- Fruit Tarts: Create delectable fruit tarts with a layer of pastry cream or sweetened cream cheese and top with fresh fruits like berries, kiwi, and peaches.
- Palmiers: Make sweet and crispy palmiers by sprinkling sugar on rolled-out puff pastry, folding, and slicing before baking.
- Turnovers: Fill puff pastry with fruit preserves, chocolate, or savory ingredients like spinach and feta for quick and delicious turnovers.
- Quiches: Line a pie dish with puff pastry to make a savory quiche with your choice of fillings like bacon, cheese, and vegetables.
- Vol-au-Vent: Create elegant puff pastry cases filled with creamy seafood or mushroom fillings for a classic French dish.
- Pot Pies: Make hearty chicken or vegetable pot pies by lining individual ramekins or a larger dish with puff pastry.
- Pinwheels: Roll out puff pastry, spread it with pesto, tomato sauce, or cheese, then roll it up and slice into pinwheels for savory appetizers.
- Baked Brie: Wrap a wheel of Brie cheese in puff pastry, add toppings like nuts and jam, and bake until golden for an impressive appetizer.
- Sausage Rolls: Wrap sausages in puff pastry and bake for a savory snack or appetizer.
Storage and Freeze
Refrigeration: Store unused puff pastry in the refrigerator. Wrap it tightly in plastic wrap or place it in an airtight container to prevent it from drying out. It can be refrigerated for up to 2-3 days.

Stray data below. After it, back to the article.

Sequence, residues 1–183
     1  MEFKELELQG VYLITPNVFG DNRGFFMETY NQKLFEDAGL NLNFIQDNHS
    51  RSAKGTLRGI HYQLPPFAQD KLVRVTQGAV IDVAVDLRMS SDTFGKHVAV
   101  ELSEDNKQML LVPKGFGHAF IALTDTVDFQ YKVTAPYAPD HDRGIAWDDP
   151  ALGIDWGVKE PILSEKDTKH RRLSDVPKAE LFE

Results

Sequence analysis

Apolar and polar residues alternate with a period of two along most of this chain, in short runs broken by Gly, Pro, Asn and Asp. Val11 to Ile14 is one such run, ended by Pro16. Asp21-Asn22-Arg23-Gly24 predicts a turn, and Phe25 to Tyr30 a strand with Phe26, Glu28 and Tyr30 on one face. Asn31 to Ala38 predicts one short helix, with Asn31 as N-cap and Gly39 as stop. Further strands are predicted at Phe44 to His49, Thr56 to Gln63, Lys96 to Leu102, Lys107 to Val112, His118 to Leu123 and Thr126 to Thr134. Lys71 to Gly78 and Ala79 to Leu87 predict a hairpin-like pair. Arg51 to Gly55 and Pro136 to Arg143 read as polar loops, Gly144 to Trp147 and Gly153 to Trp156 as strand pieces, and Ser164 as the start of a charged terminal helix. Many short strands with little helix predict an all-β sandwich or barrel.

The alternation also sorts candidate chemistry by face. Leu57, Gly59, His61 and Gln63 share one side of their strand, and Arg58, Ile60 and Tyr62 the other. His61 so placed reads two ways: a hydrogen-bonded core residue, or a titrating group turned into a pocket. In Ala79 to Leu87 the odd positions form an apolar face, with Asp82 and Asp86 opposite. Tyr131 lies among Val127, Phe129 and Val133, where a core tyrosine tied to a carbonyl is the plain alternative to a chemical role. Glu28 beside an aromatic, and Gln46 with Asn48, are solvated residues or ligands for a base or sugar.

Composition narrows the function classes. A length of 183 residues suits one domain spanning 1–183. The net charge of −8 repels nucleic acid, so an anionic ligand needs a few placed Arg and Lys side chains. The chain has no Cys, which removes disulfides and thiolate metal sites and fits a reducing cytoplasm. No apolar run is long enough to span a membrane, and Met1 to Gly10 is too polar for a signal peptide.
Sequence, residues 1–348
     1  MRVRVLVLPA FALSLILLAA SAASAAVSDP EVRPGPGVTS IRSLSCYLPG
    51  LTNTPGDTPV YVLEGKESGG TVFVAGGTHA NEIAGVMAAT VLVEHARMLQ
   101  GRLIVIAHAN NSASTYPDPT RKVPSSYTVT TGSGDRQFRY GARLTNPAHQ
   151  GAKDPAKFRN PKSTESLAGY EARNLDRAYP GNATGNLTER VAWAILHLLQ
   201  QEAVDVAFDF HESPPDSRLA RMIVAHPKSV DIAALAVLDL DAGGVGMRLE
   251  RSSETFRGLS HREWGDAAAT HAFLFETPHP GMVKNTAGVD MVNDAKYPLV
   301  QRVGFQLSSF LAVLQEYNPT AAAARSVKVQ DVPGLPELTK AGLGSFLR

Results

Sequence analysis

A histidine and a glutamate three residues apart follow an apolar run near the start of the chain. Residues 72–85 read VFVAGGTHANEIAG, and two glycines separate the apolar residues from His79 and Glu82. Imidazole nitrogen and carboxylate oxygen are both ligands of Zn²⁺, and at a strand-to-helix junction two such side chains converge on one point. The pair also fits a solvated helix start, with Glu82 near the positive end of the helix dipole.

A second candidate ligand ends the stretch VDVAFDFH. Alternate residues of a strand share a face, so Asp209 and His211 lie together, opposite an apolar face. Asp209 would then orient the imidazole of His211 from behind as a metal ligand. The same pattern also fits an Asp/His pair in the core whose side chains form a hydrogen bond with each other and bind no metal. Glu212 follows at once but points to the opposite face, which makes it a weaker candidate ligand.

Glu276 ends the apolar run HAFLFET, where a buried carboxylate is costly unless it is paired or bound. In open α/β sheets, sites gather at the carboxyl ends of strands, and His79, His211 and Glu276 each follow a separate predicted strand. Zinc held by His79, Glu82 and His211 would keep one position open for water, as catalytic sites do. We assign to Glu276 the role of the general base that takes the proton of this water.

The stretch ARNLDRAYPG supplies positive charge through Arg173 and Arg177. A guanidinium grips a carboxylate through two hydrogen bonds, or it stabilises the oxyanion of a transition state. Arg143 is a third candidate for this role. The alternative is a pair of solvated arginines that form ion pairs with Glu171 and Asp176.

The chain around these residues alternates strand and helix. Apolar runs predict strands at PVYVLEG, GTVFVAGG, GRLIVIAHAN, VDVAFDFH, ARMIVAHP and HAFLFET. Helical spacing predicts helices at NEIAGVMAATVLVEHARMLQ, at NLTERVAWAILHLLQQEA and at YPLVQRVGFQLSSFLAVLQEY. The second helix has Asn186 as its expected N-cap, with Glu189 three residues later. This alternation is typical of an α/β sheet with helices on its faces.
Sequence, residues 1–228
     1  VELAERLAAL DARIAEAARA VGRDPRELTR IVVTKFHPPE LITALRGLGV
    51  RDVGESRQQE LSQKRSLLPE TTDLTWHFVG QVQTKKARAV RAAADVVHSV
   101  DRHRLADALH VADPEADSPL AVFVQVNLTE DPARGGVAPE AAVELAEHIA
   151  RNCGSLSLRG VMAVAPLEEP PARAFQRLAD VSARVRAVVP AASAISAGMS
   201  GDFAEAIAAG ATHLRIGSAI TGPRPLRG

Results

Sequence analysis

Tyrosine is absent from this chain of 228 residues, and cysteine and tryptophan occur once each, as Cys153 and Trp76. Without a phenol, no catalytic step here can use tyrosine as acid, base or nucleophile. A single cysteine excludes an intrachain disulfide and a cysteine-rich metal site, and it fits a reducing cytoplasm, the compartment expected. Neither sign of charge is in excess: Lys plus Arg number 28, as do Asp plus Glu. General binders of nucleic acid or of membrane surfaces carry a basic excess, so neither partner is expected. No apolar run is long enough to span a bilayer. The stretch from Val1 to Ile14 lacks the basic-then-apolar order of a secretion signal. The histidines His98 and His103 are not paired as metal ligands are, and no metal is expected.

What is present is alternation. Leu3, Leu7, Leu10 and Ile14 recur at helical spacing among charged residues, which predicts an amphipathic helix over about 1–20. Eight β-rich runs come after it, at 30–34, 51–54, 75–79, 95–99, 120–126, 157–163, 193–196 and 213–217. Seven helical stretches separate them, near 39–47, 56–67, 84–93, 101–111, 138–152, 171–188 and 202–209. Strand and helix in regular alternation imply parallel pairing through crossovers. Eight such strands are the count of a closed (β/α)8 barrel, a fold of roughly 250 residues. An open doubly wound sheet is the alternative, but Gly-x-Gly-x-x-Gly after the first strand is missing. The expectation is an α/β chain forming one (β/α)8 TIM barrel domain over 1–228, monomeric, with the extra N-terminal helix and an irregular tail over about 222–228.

Freezing: If you want to store puff pastry for a longer period, freezing is a great option. Wrap it in plastic wrap, parchment paper, or foil, ensuring it's well-sealed. Then, place it in a freezer-safe bag or container.
- Proper Sealing: When wrapping or sealing the pastry, ensure that the edges are well sealed to prevent any leakage during baking.
- Flour Lightly: Use a minimal amount of flour when rolling out the pastry to avoid making it too dry. Too much flour can affect the texture.
- Keep It Cold: To achieve a flaky texture and prevent the butter from leaking out, ensure the puff pastry dough remains cold throughout the process.
- Shape as Desired: Once firm, cut the dough into your desired shapes using cutters or use it to wrap ingredients, such as in a baked brie recipe.
- Allow Resting: Allow the shaped dough to rest in a cool place while preheating the oven to at least 355°F / 180°C. Bake until the pastry turns golden brown and becomes crispy.
- Refrigeration Between Turns: Ensure that the dough rests in the fridge for a minimum amount of time between each series of turns to maintain the flaky texture. Overhandling can cause the butter to soften.
- Freezer Shortcut: To save time during preparation, let the dough sit in the freezer for 30 minutes between rounds of rolling and folding.
- Practice Makes Perfect: Puff pastry can be challenging for beginners. Don't be discouraged if your first attempt isn't perfect. With practice, you'll become more skilled at handling it.
Use a dry butter with at least 80% fat content.
For a lighter dough, reduce the amount of kneading butter and make at least 6 turns.
Finish baking the dough at 230°C for 5 minutes for more crispness.
Apply a layer of sugar syrup on top of the dough after baking.
Recipes with puff pastry